As a Fellow, I get to work on a lot of exciting projects, and the Strategic Initiatives team, of which I am a member, is constantly working behind the scenes to enhance the programs and initiatives that contribute to Bon Appétit’s sustainability leadership in the food service industry.
One such program is the Campus Farmers Network, created in 2013 to support the burgeoning movement of folks interested in getting their hands dirty and growing their own food on college and corporate campuses nationwide.
Through the Campus Farmers Network (campusfarmers.org), the program has provided culinary team members, corporate employees, and students with a virtual set of resources to help them create and expand their gardens and farms. The website houses a shared online resources library (including food safety plans and crop rotation recommendations), profiles of campus farms, introductory “Campus Farming 101” information for gardeners at education and corporate accounts, and much, much more. It’s practical information, helpful in making more gardens and farms a reality wherever there is fallow ground behind a sports field, on a quad, or next to a loading dock.
In the years since Campus Farmers began, we’ve seen campus gardens and farms explode in number around the country — and at the same time grow beyond just places where fresh, hyperlocal produce is grown and delivered to Bon Appétit chefs. These spaces serve as sites for food literacy and education events, such as Healthy Kids in the Bon Appétit Kitchen classes. They provide a venue for health and wellness activities like meditation and yoga classes held in the garden.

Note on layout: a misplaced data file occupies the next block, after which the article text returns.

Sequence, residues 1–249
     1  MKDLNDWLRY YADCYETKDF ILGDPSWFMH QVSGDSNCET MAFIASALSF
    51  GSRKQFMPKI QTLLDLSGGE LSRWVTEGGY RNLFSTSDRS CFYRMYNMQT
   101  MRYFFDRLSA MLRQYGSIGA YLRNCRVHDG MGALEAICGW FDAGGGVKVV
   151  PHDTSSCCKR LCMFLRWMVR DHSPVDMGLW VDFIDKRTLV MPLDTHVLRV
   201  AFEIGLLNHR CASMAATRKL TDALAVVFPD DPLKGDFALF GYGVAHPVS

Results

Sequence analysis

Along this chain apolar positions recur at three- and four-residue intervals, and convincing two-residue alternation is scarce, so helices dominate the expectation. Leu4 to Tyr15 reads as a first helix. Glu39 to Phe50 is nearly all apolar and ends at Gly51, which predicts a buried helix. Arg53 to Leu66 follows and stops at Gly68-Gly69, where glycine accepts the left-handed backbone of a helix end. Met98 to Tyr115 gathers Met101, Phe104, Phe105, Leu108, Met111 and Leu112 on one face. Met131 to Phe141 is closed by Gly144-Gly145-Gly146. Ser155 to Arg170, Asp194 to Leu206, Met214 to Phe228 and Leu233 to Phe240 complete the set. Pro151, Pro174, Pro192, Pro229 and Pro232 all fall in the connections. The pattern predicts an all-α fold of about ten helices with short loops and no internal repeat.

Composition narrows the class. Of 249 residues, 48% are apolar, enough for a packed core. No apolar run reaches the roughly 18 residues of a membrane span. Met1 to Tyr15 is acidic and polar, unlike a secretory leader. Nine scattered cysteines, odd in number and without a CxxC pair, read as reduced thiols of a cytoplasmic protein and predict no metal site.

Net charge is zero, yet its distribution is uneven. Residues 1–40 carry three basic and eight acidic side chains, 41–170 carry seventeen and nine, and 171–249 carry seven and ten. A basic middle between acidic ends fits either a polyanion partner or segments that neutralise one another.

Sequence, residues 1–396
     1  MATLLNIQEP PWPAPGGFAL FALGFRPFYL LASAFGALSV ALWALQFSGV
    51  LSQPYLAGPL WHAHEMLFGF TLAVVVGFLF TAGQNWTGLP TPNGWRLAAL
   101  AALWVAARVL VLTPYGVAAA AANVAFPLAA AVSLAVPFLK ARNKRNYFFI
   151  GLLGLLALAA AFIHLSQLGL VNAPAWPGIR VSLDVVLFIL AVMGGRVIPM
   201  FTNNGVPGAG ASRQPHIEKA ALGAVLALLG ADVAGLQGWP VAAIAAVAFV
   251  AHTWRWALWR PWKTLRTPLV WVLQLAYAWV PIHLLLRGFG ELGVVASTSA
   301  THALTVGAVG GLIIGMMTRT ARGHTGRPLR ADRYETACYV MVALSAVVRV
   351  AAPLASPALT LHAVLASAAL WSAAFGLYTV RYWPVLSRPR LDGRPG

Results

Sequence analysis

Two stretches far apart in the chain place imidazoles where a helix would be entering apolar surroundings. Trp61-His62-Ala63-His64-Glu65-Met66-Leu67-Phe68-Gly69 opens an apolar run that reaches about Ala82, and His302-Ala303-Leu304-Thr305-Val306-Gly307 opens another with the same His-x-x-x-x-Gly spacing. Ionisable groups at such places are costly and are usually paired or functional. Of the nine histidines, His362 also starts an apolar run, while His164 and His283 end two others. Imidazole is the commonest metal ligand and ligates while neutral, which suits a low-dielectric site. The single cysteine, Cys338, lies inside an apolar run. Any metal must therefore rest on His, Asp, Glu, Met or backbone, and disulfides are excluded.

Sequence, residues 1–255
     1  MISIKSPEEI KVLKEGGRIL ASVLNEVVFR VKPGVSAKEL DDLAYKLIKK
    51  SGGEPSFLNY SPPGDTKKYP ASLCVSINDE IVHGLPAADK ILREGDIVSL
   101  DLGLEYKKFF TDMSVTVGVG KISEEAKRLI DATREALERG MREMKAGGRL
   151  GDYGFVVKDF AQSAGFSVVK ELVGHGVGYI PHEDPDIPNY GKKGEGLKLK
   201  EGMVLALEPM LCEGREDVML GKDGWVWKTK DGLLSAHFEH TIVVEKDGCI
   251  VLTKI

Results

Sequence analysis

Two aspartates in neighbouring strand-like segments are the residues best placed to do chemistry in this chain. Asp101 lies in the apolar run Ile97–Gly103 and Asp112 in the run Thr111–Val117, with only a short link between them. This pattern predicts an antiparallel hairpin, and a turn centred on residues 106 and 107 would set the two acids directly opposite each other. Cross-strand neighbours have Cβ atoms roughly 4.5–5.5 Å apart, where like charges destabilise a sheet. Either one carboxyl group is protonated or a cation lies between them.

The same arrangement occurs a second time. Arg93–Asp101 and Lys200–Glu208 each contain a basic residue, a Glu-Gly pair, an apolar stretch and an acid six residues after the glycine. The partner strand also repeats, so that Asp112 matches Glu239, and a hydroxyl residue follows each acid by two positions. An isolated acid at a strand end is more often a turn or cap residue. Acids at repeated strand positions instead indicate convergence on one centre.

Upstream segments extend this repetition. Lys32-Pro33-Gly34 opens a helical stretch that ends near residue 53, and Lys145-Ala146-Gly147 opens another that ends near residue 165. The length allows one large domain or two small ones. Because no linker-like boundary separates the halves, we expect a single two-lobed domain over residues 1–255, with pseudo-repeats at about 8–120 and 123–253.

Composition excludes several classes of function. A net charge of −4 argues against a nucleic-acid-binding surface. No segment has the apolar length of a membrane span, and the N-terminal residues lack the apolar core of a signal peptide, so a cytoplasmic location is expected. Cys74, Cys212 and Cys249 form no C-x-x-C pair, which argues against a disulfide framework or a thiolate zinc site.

And I would be remiss if I didn’t mention how many folks have been getting their hands into farm work for the first time due to a garden on their campus — at a critical juncture, when the country desperately needs a new generation of farmers. From garden fêtes to potato-digging workshops — you name it, we’ve seen it!
Because Bon Appétit has been present for the growth of this movement at so many forward-thinking campuses, we are in a unique position to help it continue to grow.
This summer, five years after the founding of Campus Farmers, we decided to take a step back and assess how we could improve the campusfarmers.org website to better provide would-be farmers with the resources and guidance they need to get growing — and we’ve done just that, adding helpful content and changing the website’s aesthetics.
Campus Farmers has always included gardens on corporate campuses, but on the revamped site we’ve changed the way information is presented and have added detailed resources. Now visitors to the Corporate Campus Farming 101 page can understand and compare four major types of gardens, and then delve deeper into the specifics of the one (or more!) they choose to explore — whether it’s an indoor hydroponic system or a raised garden bed. We also conducted interviews with six corporate teams and wrote new profiles about what they’re growing. From Target HQ in frosty Minneapolis to Vivint in the arid landscape of Utah, you’ll get a peek into what it takes to run a corporate campus farm in a wide variety of environments.
The new website has just gone live. It’s my hope that you’ll visit the new campusfarmers.org, take a look around, and spread the word. Who knows — you might just catch the farming bug, too.